I know that often we non-parents tend to live in delusion. We might meet some children for a few minutes and think they are adorable all of the time! I will be the first to admit that we can be a little clueless sometimes, and I will apologize for all of the advice from a non-parent that you have ever gotten, because we seriously have no idea what we are talking about. I will say, though, that after an enlightening weekend, which in no way compares to your lifetime commitment, I have experienced enough to know that parents superheroes. And here is why.
First, I acknowledge that our lives are very different and that yours is a thousand times harder. I mean, you’re keeping human beings alive, which is probably the biggest responsibility there is. Right now my biggest responsibility – if you can even call it that – is shopping for furniture and home décor to transform my new apartment into something livable, as well as beautiful and brilliant. Lately, I’ve become pretty obsessed with looking at all the gorgeous artwork and photography on this website and picturing it on my wall. I could spend hours looking at these types of sites and casually sip my coffee, while my sister-in-law fed and dressed three kids before 8am, cleaned up spills and crumbs, had to change at least one of them again because something was spilt, meanwhile her coffee got sadly cold.
The Terrifying Two Days
I came to this heroic revelation through one of the most enjoyable but most terrifying weekends of my life. Aside from a career woman decorating a new apartment, I am actually a very proud aunty. As such, I get to consider myself as not completely hopeless with kids. However, usually my time with my nieces consists of short burst of fun and then getting to give them back at the end of the day. A couple of weekends ago, though, we had other family visiting and I took that time off of work to be with them. This consisted of five kids under the age of six, and five adults all packed into a tiny apartment. Fun times.
What’s more, the visiting family have two boys who have no sisters and my nieces have no brothers, so neither of them understand the difference between how boys and girls tend to play. Not to be cliché, but the boys were overly rough and the girls were overly sensitive. I think it was a total of five minutes after our visitors arrived that someone stole a toy, someone was hit, and someone else was crying. Within a span of only one hour, every child ended up crying at least twice and there were about 60 time outs issued or some other form of gentle discipline.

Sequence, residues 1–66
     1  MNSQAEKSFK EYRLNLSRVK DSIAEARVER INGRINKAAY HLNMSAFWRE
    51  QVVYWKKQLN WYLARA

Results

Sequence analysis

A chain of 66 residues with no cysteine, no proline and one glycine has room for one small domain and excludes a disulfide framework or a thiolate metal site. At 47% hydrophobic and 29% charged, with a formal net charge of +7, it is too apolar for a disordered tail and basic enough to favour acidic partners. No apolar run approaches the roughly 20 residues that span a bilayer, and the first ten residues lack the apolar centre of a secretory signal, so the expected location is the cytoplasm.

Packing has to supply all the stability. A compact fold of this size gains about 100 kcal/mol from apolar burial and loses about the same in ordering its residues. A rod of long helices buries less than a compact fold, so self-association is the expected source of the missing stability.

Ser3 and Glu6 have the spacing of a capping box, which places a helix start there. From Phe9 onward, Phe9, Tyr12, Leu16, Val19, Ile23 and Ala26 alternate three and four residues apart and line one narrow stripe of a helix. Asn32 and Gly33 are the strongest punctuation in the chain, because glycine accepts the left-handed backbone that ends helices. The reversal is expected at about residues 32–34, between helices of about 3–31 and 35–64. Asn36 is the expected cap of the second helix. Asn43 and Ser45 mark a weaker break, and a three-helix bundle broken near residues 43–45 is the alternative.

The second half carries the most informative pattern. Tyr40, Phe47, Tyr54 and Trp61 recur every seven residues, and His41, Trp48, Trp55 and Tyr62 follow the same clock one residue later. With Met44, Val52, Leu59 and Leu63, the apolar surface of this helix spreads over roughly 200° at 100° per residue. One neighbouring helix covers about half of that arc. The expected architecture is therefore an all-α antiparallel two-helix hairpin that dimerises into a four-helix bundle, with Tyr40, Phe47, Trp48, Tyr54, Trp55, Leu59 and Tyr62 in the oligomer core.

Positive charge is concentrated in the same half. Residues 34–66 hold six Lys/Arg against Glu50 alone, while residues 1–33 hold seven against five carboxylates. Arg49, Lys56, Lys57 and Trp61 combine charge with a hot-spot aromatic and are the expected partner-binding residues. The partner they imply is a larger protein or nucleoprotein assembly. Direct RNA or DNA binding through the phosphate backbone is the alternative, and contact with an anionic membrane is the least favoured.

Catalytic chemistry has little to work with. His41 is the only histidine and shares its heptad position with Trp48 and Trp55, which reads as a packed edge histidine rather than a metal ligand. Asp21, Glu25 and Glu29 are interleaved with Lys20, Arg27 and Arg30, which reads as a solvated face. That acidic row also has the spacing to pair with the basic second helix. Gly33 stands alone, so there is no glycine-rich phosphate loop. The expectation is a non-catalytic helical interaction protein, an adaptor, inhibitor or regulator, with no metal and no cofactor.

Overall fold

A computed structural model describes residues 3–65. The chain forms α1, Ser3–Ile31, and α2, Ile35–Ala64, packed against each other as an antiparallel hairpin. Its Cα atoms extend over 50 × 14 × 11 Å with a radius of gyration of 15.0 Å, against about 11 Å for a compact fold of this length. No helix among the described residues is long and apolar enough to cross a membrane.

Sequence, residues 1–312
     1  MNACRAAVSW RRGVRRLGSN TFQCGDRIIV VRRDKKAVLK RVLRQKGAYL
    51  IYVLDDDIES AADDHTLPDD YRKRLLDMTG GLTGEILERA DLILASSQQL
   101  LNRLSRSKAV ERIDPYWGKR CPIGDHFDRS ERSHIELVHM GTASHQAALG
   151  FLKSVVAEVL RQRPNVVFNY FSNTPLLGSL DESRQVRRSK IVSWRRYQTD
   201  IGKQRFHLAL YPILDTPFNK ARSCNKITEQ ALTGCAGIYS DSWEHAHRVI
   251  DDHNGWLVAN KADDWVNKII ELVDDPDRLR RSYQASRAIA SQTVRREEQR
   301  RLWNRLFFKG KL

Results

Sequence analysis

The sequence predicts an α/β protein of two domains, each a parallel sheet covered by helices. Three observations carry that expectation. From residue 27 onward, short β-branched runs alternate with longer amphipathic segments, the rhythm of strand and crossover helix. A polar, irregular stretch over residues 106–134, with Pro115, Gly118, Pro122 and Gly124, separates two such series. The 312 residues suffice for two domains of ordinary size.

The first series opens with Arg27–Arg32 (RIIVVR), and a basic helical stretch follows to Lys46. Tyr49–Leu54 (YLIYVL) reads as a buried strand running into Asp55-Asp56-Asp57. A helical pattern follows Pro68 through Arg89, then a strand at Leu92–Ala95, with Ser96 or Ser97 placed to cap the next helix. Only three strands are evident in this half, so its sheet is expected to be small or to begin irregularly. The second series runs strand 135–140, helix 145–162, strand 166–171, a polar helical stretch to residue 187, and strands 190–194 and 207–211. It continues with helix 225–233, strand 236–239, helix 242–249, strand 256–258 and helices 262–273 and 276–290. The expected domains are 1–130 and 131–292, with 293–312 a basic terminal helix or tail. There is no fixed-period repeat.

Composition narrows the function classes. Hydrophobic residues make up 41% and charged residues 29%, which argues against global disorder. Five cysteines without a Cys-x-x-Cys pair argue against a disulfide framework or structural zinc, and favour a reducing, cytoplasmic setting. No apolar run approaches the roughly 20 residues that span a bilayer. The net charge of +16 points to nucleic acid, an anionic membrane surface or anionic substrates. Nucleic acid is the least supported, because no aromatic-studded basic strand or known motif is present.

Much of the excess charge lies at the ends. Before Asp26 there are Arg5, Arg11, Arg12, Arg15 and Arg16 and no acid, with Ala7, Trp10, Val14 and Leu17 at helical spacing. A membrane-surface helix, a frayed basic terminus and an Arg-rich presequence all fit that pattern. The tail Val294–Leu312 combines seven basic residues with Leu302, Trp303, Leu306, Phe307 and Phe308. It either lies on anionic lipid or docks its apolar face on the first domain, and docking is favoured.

Since it was craziness and crying inside the house, we decided to get out of the house the next day. Now six adults and six kids, we headed out for a nice day at what can only be called an amusement park. Not a massive theme park, but a place with free entry, bouncy castles, slides, elaborate playgrounds… sounds like fun right? It was madness! You spend the entire time counting to make sure everyone is still there, and panic when someone isn’t because they have decided to climb up the exceedingly large slide on their own without telling anyone. At the end of the day, both kids and adults alike were utterly exhausted. I thought it was a miracle that no one got hurt, no one got lost, no one got sun burnt, and everyone got fed.
I ended up going back to work feeling like I needed a vacation to recoup from my vacation, all the while wondering how parents do all of this on a daily basis! How do you manage to keep these little human beings alive, and on top of that, all happy, healthy and well developed? The only logical answer is that you are all in fact superheroes equipped with superpowers!